The idea of ownership, or attachment, to something like land, or anything for that matter, is a human invention. The land was here before humans invented ownership, or existed, and it will be here after the human race goes extinct. Can something that has been here for millions of years be owned by something that is only here for eighty years? Seems silly.
This region of British Columbia is an arid grassland that was once home to giant herds of grazers like bison, elk, and cariboo. The suppression of fire by humans has changed the landscape, allowing forests to cover most of the valley. In our little corner of this area we love the trees, and want them to be healthy. The winter is a great time to thin the forest where Douglas Fir has sprouted hundreds of saplings in a very small area. Saplings that would usually be balanced by fire. We do this in the winter when there are no nests to be disturbed and we are not as busy. So each winter we begin to selectively thin our little forest and help it find balance, prioritizing well established mother trees, Larch and the pine family, especially Ponderosa.
In years past we simply listened to the land and did very little. As we have come to know and understand this area we have begun to make decisions on how to best manage it. This listening is crucial. For it changes our orientation from telling the land what we want it to be, to letting the land tell us what it will naturally support. Each time we go out into the forest we connect with it and follow its guidance regarding its care. The land becomes the teacher and we the student. It is a wonderful act of humility and a step closer to being part of and not separate from the ecosystem, the land, our home.
Try this recipe out and let us know what you think. This soup freezes really well also so don't hesitate in making a large batch.
Ingredients for Vegan Alternative version:
-~ by Swami Niranjanananda Saraswati, from YogaMag Oct 2019 (Originally from On the Wings of the Swan, Volume VIII)
Discipline means to become responsible; indiscipline means to become irresponsible. It is as simple as that. If you are responsible and you act in a responsible manner, you are disciplined. If you behave in an irresponsible manner, then naturally you will be labelled as undisciplined. The problem is that people want ‘rights’. ‘This is my right. That is my right.’ People are more aware of their rights and less aware of their responsibility – the basic idea is forgotten. People want rights without responsibility. However, if you become responsible, then naturally you get rights.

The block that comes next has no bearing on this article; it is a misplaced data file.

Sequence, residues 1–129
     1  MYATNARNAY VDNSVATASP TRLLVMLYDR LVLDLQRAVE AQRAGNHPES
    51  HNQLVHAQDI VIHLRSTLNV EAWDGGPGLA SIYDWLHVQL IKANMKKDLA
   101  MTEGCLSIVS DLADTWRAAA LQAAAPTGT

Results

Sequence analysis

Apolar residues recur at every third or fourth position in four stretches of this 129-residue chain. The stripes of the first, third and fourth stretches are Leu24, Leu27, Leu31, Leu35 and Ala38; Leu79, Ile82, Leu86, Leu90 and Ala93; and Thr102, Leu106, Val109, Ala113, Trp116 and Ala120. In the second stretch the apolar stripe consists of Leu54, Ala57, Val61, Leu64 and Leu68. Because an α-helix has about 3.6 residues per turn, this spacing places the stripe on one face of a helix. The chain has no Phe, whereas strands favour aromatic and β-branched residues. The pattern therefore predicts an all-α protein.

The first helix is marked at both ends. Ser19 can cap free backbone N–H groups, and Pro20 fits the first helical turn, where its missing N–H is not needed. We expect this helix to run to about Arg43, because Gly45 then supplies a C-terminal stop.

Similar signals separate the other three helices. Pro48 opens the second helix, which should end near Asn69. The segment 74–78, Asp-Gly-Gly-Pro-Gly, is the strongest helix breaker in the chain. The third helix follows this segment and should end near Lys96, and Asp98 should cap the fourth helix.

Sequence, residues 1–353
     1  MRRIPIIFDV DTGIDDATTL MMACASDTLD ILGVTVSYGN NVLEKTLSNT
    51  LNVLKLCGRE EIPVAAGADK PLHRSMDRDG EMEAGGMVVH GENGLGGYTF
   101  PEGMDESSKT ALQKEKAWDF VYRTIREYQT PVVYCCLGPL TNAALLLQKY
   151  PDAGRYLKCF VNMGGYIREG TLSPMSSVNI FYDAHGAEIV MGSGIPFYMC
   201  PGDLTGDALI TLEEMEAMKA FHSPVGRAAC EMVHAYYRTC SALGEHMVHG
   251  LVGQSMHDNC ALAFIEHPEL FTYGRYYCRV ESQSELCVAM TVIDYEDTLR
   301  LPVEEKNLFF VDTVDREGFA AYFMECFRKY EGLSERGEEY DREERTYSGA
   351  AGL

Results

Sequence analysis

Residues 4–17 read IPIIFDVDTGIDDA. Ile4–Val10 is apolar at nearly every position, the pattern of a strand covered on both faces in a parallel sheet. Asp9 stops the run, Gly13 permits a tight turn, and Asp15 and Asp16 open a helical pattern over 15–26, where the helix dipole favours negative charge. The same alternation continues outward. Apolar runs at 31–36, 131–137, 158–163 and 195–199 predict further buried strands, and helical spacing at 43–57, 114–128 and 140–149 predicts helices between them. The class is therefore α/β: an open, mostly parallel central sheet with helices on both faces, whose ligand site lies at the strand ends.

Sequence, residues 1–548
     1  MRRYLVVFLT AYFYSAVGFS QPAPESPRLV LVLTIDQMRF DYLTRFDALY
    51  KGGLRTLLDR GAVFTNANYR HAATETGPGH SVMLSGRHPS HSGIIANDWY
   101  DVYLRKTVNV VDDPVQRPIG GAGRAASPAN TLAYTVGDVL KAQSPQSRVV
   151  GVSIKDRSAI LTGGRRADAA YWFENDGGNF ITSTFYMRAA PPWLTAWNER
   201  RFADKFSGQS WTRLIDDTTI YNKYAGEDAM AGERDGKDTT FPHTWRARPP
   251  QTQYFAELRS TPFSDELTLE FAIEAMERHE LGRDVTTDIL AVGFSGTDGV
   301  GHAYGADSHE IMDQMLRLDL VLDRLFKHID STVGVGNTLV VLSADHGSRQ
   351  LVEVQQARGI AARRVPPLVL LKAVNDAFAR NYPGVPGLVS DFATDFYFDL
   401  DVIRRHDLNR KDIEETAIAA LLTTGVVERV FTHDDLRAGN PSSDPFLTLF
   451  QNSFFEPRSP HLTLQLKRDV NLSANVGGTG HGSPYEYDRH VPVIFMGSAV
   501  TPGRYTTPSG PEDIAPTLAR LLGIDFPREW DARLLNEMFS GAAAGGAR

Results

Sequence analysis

Discipline is nothing but being responsible for oneself. Discipline does not mean that you have to act according to this time or that time, within these parameters or limitations, or in this area. All that can change: today you are here, tomorrow you will be some place else. However, if you become responsible for yourself, your development, your well beingand your peace, then that responsibility will be seen as a discipline – in action, behaviour, attitude and mentality.
What is responsibility? I do not have to definethat. You know what responsibility means. There is a greater sense of responsibility when you feel that you belong. For example, a piece of rubbish has been thrown on the path. Somebody goes and picks it up, and puts it in the rubbish bin. It did not tax anyone; it was a simple act. If you leave the rubbish and wait for somebody else to remove it, are you being responsible? If somebody tells you, “Please pick up that rubbish,” a reaction happens.
Discipline is not a structured method, system or lifestyle – that in the morning you do this, in the afternoon do this, in the evening do this. Routines change from place to place. In your home you also have a routine, but by following the routine you do not become disciplined; it is by becoming responsible for your development that you become disciplined.
When you are responsible all rights come to you naturally; nobody can deny you any rights. On the other hand, if you want rights and you do not want responsibility, you will struggle with everyone, whether it is your family members or the government. Therefore, take responsibility for your growth and development. That is the best form of discipline, which will also make you free from your own mental hang-ups, reactions and bondages.
-8 January 2008